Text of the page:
Accept that since theory of OMT/ SMP is redomination risk the ECB should be able to profit, and should be able to pass that profit to members pro-rata their share. But in the spirit of solidarity those States benefiting from redenomination risk should pass their share of profits back to those suffering from that risk.

  2. There is a very fundamental issue of principle involved here for the EZ. What was the purpose of the intervention? Was the ECB taking a gamble on behalf of the EZ or was it intervening to support a member State. Tat is the key issue.
    Most people will contend that the intervention was to support a member State and that to hold onto any resulting profits or 'windfall', runs totally contrary to the stated spirit of the intervention.
    There should be no equivocation on this issue. Ireland or any country should be allowed to buy back the bonds at ECB intervention price, less a very small handling fee, if their situation allows it.

    If the ECB makes profits on an intervention to support a particular State's bond, on what basis does it argue that such a profit is the collective profit of the EZ.
    If the ECB is allowed to retain the profit, well then it may as well start trading in the market to make a profit.

    1. The risk that the bond yields had moved in the opposite direction was taken by the purchasor, the ECB, on behalf of all Eurozone states.

    2. @Meself

      But the pain associated with ensuring that the bond yields did not go in the opposite direction, was a pain suffered by the citizens of Ireland, not a pain suffered those of the all the EZ, with the ECB acting as a pretty ruthless administrator of that pain, thereby enhancing its odds of a win on the gamble.

      Either way, that is not the point.
      The question is whether it is equitable that any European institution, holds onto windfall profits made on the bonds of a member country, based on a market intervention, a market intervention disallowed to that same member State.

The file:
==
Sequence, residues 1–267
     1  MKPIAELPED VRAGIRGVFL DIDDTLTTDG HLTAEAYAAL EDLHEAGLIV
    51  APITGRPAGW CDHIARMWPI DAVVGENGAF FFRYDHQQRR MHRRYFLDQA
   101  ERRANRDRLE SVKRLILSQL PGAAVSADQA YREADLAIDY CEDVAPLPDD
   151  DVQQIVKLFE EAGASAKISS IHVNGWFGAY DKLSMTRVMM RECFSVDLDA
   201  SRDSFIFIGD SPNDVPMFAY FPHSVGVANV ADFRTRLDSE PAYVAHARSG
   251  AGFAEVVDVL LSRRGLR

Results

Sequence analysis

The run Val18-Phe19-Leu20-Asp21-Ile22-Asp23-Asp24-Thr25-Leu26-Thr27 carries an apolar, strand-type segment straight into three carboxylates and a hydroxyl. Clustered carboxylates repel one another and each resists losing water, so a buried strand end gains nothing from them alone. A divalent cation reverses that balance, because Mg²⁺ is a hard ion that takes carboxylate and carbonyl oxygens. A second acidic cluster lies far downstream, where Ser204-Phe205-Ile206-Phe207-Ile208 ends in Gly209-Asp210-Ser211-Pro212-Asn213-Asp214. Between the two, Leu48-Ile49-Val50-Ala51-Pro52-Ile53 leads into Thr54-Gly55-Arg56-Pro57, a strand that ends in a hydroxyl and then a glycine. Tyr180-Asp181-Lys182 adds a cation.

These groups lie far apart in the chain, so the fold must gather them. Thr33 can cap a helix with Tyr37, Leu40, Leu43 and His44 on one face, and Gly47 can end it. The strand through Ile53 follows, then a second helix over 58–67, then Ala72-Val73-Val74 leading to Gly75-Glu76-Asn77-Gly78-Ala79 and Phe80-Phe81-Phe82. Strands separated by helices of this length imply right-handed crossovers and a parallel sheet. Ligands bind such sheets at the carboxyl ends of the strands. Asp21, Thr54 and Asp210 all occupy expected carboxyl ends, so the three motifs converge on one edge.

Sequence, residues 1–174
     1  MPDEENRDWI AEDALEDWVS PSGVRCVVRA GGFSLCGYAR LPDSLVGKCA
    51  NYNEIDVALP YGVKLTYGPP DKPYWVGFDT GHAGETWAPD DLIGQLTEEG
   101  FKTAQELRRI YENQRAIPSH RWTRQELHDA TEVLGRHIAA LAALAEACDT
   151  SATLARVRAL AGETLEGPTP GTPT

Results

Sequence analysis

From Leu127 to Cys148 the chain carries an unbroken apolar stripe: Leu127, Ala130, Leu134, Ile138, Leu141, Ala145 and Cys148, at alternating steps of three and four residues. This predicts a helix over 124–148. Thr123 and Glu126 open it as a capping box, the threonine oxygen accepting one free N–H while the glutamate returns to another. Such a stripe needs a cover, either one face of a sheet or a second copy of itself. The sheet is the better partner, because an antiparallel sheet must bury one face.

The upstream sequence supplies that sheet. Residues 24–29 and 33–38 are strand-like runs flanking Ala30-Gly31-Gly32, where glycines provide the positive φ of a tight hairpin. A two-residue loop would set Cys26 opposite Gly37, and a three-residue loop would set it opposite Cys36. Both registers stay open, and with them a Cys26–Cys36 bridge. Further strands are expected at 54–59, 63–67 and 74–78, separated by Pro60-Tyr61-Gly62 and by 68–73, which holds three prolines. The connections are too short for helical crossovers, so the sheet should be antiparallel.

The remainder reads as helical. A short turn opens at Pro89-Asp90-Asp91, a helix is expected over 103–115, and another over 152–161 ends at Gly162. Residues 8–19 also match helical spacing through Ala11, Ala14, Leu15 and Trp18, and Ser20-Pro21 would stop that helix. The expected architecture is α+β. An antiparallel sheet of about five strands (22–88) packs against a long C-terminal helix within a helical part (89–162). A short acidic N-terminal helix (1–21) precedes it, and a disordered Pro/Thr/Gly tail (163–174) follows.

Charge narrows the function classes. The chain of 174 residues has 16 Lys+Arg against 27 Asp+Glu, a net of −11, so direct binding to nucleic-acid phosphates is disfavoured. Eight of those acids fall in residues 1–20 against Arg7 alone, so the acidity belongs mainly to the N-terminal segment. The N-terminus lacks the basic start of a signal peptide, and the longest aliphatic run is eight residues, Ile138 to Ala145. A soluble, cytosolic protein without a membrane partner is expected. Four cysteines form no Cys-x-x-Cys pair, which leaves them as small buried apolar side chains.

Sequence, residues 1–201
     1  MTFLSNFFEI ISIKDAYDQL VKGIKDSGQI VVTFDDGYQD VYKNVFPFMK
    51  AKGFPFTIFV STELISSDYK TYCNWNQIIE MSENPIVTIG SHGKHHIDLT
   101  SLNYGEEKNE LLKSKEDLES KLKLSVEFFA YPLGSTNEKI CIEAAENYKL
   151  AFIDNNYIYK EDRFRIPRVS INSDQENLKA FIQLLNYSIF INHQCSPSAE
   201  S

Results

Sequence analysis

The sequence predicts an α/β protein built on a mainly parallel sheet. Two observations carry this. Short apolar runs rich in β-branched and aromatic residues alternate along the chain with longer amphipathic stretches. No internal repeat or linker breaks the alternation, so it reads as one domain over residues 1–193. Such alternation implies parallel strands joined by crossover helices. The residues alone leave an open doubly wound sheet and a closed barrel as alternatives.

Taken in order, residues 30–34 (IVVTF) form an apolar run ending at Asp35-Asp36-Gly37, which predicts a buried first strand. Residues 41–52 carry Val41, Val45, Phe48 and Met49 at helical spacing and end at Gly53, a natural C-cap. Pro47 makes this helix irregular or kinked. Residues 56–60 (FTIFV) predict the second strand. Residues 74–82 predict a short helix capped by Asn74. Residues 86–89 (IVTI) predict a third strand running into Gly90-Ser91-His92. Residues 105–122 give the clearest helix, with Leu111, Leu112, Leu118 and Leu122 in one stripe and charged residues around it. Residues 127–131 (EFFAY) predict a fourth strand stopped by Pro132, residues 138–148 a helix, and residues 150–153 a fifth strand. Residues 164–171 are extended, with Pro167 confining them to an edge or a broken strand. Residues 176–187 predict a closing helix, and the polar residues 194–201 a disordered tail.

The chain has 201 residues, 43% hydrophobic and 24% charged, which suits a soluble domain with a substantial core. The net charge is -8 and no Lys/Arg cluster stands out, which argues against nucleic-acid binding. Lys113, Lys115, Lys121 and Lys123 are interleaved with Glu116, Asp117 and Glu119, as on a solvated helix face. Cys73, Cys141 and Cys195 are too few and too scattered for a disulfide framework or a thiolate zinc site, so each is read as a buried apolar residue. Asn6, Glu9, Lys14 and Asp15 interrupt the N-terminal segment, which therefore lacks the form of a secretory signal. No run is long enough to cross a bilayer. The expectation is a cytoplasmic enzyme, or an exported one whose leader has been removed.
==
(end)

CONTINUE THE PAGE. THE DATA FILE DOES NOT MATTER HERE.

3. The Euro area bank resolution mechanism will be via the ESM which will be initially funded by non-ECB finance, real money, from Euro member states. Real money, that is, that the member states will wish to have returned to them. Or, at least, the member states might be happy enough to leave the initial funding on medium-term hold as long as the costs thereafter were being borne by the bank resolution mechanism itself. Consequently, the bank resolution mechanism will work best (and will pass the political hurdles) if, as far as possible, it can function over time on a break-even basis. All income streams will be welcomed, including transfers (conforming to rules) from the ECB. (Another good source might be capital gains from equity held in distressed banks.) On that basis, profits arising from the Securities Market Programme would be a neat revenue source for the bank resolution mechanism. Furthermore, if the EU honours Ireland's 'special case' status, the start-up date for resolution would be September 2008 and the Ibrc would be in the mix. A further neat step would be to allocate the profits arising from the Securities Market Programme, $3-5bn, to the Ibrc. I would prefer the allocation going there, a loss-making bank, than to the 'viable' banks which I consider will generate a gain in the medium-term.